LONDON - Satellite pictures confirm there is a persistent lava lake inside the crater of a remote British Overseas Territory (BOT) volcano.

Few enduring lava lakes are known globally; the one at Mount Michael on Saunders Island in the South Atlantic may be only the eighth such example. The 990m-high stratovolcano’s setting makes it extremely difficult to climb.

Pictures taken from space are really therefore the only way of looking inside the opening at the summit.

Orbiting sensors from as far back as the 1990s have detected heat anomalies in the crater. But it has taken the most modern satellites to resolve the crater floor, and to verify the presence of the lake.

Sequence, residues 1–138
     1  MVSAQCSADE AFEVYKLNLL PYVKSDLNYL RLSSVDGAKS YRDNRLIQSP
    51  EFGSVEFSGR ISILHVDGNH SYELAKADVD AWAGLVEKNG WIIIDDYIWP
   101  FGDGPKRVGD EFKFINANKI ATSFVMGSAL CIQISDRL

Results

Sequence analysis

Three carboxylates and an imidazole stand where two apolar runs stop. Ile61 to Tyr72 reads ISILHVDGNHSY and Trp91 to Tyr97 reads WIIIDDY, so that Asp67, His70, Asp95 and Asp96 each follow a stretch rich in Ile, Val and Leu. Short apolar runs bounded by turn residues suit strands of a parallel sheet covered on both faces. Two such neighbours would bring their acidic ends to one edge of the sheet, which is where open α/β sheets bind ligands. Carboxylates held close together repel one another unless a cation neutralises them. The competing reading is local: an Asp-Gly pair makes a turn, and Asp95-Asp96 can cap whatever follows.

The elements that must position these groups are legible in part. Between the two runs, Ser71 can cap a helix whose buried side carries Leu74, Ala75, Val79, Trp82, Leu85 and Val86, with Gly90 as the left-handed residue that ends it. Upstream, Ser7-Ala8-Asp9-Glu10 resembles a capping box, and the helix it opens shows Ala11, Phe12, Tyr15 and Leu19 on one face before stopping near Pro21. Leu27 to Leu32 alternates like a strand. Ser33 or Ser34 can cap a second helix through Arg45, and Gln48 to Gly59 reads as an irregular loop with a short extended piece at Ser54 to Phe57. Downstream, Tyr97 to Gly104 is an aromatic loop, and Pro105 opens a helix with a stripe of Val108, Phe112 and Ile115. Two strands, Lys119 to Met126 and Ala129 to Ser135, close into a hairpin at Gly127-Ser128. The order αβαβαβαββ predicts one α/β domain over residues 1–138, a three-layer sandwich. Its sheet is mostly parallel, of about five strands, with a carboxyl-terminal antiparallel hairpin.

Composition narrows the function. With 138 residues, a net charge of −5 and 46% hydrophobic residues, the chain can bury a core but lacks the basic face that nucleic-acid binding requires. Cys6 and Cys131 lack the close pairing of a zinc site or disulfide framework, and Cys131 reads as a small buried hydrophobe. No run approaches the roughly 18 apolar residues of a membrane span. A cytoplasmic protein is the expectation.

Scientists from University College London (UCL) and the British Antarctic Survey (BAS) assessed data from 2003 to 2018. his information indicates a continuous molten lava feature that is between 90m and 215m wide, with a temperature of around 1,000C.

There are some 1,500 active volcanoes on the Earth’s land surface but it is extremely rare for them to maintain a broiling liquid mass in their craters.

Saunders Island is part of the South Georgia and South Sandwich Islands British Overseas Territory.

“The island has been visited on numerous occasions, but no-one has ever climbed the mountain,” commented Dr Peter Fretwell from BAS.

“If you look at the imagery you can see why: the peak is surrounded by a huge snow-mushroom, extremely soft snow with an icing sugar like consistency, probably caused by the continual venting of steam by the volcano.